Results

General Aspects of Nocturnal Activities. Until the sunset, the wasps remained in a symmetrical, motionless and massive pattern of bodies facing the margin of the nest. During the day, such array changed quickly when the nest was disturbed by mechanical touches in the supporting branch as imitating a predator, and then wasps covered entirely the top of the comb taking a typical defensive position. After few minutes they slowly returned to the original resting position. Wasps started intensively to move between 17:45h and 18:00h, and the movement culminated with most of wasps flying close to the nest and backing after some seconds (Fig. 1). This explosive departure of wasps, as described by Hunt et al. (1995), and their rapid return occurred in almost nights, except on June 06 and 13, and July 18 and 25, which was probably related to the cloudy sky and/or the rain.

 

 

Patterns of Colony Foraging. Analysis of variance showed that the phases of the moon associated with the time had an effect on the foraging activities of A. flavissima (Table 1). Analyzed as independent data, at most of time, frequencies of departures were significantly higher or close to higher during the last quarter and full moon than during other moon nights (Fig. 2). However, frequencies of arrivals only were significant at 18:00h and marginally significant at 22:00h. In such periods, foraging wasps arrived significantly more at the nest during nights of last quarter moon than during other periods (Fig. 2A).

 

 

The patterns of foraging activities were affected by different phases of the moon (Table 2). When the summed data were dependent-treated, the results showed that both the frequency of departing and arriving of wasps were significantly higher during the full and last quarter moon than during the other moon nights (Table 2). Moreover, there were no differences between foraging activities performed during the full and last quarter moon, and during the new and first moon nights.

 

 

During the period of study the temperature decreased at about 4ºC (3.8±1.5ºC) from the onset to the end of the time of observation, and the rate of foraging flights dropped in response to this decreasing (Spearman rank correlation: r = 0.67; P < 0.05; N = 12).

Partitioning of Materials Foraged. Video recordings provided additional information about the quality and number of loads transferred from foraging workers to nest workers (Table 3). Although foraging workers with prey were recognized during analyses, workers bringing water and nectar loads were not distinguished, so the resources were classified as liquid loads. Material-handling sequences were similar between solid and liquid loads. A total of 116 observations related to the material transference were recorded. Most of the materials were partitioned to two nestmates that used to feed larvae and other adults.

 

 

Discussion

The presented data support the hypothesis that foraging activities in A. flavissima is affected by the phases of the moon. Preliminary preceding study indicated a similar pattern in A. pallens (Hunt et al. 1995). However, the present study documents a complete feature of such influence. The frequencies of foraging wasps arriving and departing from the nest were significantly higher during the full and last quarter moon. The presence of enlarged ocelli is evidently associated with nocturnal habits, but these results combined with previous ones suggest that the presence of light is an important factor during nocturnal activities in Apoica. In fact, recent study showed that swarm emigrations in A. pallens occurred at sunset, as the sky was not completely dark (Howard et al. 2003). In contrast to diurnal species, the frequency of departures of workers was often higher during the hotter periods of the night.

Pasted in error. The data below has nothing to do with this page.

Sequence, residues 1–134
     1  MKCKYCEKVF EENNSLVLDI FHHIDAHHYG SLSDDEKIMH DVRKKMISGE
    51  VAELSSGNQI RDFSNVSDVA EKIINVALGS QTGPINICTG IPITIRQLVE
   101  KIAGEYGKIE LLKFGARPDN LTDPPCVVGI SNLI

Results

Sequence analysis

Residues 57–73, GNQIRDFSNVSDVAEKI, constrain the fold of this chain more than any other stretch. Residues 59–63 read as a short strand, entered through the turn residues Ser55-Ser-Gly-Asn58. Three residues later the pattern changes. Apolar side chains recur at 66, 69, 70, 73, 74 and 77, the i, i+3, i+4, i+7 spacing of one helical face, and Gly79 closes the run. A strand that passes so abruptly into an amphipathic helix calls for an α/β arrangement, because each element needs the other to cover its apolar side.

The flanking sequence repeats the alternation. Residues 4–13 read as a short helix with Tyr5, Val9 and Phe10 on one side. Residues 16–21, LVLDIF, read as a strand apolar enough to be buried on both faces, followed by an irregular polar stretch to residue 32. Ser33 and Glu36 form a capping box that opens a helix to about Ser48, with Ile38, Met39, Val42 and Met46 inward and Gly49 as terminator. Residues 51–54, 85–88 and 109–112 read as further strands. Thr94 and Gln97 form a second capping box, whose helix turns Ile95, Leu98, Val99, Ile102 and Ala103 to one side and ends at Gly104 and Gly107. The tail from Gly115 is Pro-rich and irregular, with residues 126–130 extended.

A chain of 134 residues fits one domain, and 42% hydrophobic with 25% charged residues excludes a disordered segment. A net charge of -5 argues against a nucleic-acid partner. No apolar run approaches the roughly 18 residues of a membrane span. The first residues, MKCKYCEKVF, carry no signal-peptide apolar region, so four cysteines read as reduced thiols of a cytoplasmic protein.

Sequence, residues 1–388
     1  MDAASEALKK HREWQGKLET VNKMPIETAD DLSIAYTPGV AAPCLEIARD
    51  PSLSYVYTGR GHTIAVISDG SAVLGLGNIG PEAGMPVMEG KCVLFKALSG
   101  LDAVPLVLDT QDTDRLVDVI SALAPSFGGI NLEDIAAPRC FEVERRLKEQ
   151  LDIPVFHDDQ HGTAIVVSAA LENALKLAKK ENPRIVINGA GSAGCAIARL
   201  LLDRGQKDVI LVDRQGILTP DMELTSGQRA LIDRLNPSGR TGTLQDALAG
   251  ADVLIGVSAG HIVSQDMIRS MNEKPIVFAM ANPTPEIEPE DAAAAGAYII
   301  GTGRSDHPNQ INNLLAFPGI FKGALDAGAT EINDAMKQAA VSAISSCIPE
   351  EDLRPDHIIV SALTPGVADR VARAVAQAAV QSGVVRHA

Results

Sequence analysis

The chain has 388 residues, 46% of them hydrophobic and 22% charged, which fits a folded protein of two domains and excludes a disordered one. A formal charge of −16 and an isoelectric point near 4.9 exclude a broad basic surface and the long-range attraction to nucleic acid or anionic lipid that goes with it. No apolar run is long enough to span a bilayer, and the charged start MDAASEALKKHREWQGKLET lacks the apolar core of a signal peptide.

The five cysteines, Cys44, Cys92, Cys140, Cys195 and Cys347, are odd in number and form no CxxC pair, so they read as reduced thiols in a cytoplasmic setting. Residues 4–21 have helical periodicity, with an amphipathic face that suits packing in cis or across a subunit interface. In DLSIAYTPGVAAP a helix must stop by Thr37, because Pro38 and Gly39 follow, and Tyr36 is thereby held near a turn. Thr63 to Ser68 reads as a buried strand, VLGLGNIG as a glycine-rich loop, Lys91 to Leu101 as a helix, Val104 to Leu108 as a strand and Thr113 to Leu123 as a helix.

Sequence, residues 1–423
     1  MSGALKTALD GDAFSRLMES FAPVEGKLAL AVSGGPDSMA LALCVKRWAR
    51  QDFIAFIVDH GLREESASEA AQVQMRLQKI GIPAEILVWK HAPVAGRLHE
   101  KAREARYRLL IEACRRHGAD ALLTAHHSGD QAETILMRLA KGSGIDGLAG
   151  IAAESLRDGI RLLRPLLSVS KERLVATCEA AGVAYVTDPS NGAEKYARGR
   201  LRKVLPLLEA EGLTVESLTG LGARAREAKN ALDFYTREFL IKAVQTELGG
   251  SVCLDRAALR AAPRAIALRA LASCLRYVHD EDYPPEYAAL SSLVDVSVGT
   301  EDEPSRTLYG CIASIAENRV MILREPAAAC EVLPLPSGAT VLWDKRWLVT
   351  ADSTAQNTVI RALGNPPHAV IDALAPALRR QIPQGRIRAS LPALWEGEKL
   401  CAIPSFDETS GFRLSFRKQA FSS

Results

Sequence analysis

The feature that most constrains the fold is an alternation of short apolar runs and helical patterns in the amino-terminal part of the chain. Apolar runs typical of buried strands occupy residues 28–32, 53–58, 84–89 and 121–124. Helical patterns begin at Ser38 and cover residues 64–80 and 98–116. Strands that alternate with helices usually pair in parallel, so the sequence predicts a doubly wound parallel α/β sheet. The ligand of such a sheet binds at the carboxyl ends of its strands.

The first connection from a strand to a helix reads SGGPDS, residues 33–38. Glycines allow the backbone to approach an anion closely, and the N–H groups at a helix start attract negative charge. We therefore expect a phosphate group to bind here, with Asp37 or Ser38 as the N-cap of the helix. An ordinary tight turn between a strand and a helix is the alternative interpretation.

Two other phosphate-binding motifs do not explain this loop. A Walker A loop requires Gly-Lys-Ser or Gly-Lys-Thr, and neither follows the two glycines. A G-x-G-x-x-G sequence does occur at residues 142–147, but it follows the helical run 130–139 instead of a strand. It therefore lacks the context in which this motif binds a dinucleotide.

A number of studies on foraging activities in Epiponini noticed that both qualitative and quantitative rates of foraging are seasonally affected along the period of colony development(Gobbi & Machado 1985, 1986, Gobbi et al. 1984, Lima & Prezoto 2003, Paula et al. 2003). Although these variables were not analyzed in the present study, the influence of season and colonial development on the foraging patterns is not ruled out and remains to be verified in Apoica.

The results also support the existence of the explosive departure at the sunset in A. flavissima, which seems to be a common behavioural feature to the genus. Only under adverse weather conditions this kind of departure did not occur. Hunt et al. (1995) verified that the explosive departure is not a response to physiological needs (e.g. drinking water or defecating), which was also supported by this study, but instead this behaviour seems to stimulate the start of other activities of the colony including the foraging.

Although Apoica is a basal genus within the tribe Epiponini, the task partitioning among A. flavissima workers was similar to different materials foraged. As other species studied so far (reviewed in Jeanne 1991b), food resources were completely distributed by foragers to nestmates. In conclusion, the present paper provides additional information on the life history of this interesting genus, and may contribute to understand the biology of the Neotropical swarm-founding wasp.

 

Acknowledgments

The authors thank Dr. Ronaldo Zucchi (Esalq/USP) for suggestions and improvements to the manuscript, and to FAPESP (proc. 02/12540-5) for the grant to support this study.

 

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Received 22/IV/04. Accepted 06/XII/04.